Project description:Individuals within populations often show consistent variation in behavioural and physiological traits which are frequently inter-correlated, potentially leading to phenotypic integration. Understanding the mechanisms behind such integration is a key task in evolutionary ecology, and melanin based colouration has been suggested to play a pivotal role. In birds, most of plumage colour variation is determined by two types of melanin, eumelanin and phaeomelanin, but the role of phaeomelanin in avian phenotype integration has been barely investigated. Here, we test for covariation between phaeomelanin-based colouration, behavioural traits (i.e. nest territoriality, aggressiveness, breath rate and parental behaviour) and corticosterone in feathers in the polymorphic scops owl Otus scops, a bird species in which more phaeomelanic individuals display reddish colourations. In males, we observed that reddish males took longer to return to their nests and showed higher levels of feather CORT than more greyish ones. Behaviour and feather CORT were not associated to plumage colour in females. The found associations between redness, behaviour and feather CORT in males, but not in females, might suggest the existence of a sex-specific integrated phaeomelanic phenotype in scops owls.
Project description:BACKGROUND: The lavender phenotype in the chicken causes the dilution of both black (eumelanin) and red/brown (phaeomelanin) pigments. Defects in three genes involved in intracellular melanosomal transport, previously described in mammals, give rise to similar diluted pigmentation phenotypes as those seen in lavender chickens. RESULTS: We have used a candidate-gene approach based on an expectation of homology with mammals to isolate a gene involved in pigmentation in chicken. Comparative sequence analysis of candidate genes in the chicken identified a strong association between a mutation in the MLPH gene and the diluted pigmentation phenotype. This mutation results in the amino acid change R35W, at a site also associated with similar phenotypes in mice, humans and cats. CONCLUSION: This is the first time that an avian species with a mutation in the MLPH gene has been reported.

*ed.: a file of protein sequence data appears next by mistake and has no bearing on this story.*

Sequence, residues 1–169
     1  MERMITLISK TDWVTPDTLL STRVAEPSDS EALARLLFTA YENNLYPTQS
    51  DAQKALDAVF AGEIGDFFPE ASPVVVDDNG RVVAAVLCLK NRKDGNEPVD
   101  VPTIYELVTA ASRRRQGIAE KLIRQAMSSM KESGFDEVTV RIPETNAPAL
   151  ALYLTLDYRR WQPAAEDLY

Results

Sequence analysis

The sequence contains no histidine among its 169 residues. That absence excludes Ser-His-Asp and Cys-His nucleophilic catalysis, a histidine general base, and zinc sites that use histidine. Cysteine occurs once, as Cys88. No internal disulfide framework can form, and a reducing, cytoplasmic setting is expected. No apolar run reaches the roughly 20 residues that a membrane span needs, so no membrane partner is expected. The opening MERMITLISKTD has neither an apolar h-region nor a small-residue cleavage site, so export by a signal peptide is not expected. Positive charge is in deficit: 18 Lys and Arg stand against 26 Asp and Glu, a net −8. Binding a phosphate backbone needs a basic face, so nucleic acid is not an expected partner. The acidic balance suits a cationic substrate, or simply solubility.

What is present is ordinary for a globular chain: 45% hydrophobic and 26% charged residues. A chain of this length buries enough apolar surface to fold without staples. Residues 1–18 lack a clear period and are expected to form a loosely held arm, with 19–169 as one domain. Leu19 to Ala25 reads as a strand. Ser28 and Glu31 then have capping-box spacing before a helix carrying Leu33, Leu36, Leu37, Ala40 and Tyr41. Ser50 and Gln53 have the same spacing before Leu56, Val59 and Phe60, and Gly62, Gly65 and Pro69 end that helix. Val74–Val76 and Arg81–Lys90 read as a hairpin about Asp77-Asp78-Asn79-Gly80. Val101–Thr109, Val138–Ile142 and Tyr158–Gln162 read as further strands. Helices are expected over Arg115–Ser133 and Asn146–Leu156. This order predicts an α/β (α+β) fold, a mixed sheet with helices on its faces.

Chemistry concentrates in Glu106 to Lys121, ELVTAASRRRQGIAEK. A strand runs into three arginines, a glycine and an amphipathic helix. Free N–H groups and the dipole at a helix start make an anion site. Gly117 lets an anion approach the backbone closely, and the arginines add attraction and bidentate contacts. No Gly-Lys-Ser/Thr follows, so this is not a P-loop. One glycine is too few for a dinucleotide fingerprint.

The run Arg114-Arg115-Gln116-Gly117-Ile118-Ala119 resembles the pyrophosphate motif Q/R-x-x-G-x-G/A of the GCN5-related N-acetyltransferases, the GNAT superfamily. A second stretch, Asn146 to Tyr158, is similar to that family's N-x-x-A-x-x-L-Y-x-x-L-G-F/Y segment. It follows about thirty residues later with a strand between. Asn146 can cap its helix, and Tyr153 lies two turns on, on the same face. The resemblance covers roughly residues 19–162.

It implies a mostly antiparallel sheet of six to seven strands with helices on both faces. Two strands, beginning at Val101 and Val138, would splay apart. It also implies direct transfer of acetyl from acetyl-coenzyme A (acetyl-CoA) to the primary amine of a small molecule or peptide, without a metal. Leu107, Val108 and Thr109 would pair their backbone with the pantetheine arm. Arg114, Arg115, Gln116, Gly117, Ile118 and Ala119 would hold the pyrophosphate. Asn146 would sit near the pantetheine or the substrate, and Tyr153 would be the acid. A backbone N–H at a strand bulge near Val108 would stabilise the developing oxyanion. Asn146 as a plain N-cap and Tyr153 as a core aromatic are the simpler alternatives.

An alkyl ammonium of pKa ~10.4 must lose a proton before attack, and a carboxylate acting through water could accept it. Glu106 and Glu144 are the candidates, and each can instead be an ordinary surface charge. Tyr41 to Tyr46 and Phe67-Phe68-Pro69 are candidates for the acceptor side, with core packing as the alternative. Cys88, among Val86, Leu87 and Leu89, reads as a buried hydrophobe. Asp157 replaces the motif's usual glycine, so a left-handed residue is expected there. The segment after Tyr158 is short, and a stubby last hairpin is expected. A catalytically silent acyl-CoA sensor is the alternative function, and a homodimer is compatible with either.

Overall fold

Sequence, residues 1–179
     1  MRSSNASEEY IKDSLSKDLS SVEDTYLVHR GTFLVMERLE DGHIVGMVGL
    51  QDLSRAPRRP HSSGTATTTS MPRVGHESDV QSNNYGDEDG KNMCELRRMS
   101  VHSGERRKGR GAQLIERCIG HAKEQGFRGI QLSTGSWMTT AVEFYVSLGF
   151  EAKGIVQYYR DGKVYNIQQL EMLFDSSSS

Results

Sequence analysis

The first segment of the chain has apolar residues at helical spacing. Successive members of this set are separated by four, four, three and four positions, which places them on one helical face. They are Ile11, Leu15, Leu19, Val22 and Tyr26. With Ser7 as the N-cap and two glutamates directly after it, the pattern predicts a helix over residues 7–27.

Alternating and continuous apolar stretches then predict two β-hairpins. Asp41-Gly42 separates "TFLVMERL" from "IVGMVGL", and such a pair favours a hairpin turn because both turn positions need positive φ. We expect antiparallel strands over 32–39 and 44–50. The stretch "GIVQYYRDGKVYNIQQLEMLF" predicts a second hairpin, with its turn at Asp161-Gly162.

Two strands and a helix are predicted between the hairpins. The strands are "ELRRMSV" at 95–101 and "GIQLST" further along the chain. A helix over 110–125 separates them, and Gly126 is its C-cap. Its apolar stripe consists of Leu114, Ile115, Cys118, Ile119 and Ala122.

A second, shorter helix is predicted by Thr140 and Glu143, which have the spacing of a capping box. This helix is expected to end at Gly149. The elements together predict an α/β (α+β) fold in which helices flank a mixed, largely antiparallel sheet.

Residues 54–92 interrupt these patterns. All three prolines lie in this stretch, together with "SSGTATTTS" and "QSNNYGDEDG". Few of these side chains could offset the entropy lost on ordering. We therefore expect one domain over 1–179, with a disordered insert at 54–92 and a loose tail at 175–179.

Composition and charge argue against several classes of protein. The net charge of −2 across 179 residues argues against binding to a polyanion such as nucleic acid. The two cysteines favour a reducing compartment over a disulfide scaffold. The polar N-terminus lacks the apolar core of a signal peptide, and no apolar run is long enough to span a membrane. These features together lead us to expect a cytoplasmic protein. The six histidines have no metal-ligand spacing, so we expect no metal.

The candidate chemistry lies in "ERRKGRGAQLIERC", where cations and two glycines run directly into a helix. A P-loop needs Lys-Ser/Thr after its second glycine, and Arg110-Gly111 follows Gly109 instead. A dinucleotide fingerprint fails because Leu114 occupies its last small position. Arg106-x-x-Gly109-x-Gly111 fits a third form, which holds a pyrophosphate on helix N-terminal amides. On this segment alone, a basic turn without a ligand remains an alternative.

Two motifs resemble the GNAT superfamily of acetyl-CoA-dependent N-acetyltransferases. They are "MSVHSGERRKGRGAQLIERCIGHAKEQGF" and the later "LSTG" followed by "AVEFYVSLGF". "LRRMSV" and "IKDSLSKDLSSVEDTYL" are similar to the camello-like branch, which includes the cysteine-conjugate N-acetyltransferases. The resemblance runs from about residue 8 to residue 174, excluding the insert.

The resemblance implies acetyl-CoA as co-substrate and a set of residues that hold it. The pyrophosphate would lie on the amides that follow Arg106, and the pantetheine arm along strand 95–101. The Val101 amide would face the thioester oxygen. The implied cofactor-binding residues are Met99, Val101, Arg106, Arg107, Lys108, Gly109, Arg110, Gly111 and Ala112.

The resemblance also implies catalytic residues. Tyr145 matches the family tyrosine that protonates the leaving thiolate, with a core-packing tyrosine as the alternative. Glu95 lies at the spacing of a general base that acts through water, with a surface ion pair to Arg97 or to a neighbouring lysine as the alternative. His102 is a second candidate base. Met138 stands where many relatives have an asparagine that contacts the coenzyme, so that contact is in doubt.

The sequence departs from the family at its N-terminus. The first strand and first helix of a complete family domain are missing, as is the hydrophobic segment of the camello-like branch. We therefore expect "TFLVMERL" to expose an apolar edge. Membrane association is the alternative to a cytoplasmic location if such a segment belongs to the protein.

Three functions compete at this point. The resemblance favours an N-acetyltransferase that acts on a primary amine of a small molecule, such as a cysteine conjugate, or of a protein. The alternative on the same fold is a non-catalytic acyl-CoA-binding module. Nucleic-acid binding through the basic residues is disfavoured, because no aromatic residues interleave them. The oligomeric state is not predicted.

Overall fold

Project description:BACKGROUND:Red deer with very pale coat colour are observed sporadically. In the red deer (Cervus elaphus) population of Reinhardswald in Germany, about 5% of animals have a white coat colour that is not associated with albinism. In order to facilitate the conservation of the animals, it should be determined whether and to what extent brown animals carry the white gene. For this purpose, samples of one white hind and her brown calf were available for whole genome sequencing to identify the single nucleotide polymorphism(s) responsible for the white phenotype. Subsequently, samples from 194 brown and 11 white animals were genotyped. RESULTS:Based on a list of colour genes of the International Federation of Pigment Cell Societies, a non-synonymous mutation with exchange of a glycine residue at position 291 of the tyrosinase protein by arginine was identified as the cause of dilution of the coat colour. A gene test led to exactly matching genotypes in all examined animals. The study showed that 14% of the brown animals carry the white gene. This provides a simple and reliable way of conservation for the white animals. However, results could not be transferred to another, unrelated red deer population with white animals. Although no brown animals with a white tyrosinase genotype were detected, the cause for the white colouring in this population was different. CONCLUSIONS:A gene test for the conservation of white red deer is available for the population of the Reinhardswald. While mutations in the tyrosinase are commonly associated with oculocutaneous albinism type 1, the amino acid exchange at position 291 was found to be associated with coat colour dilution in Cervus elaphus.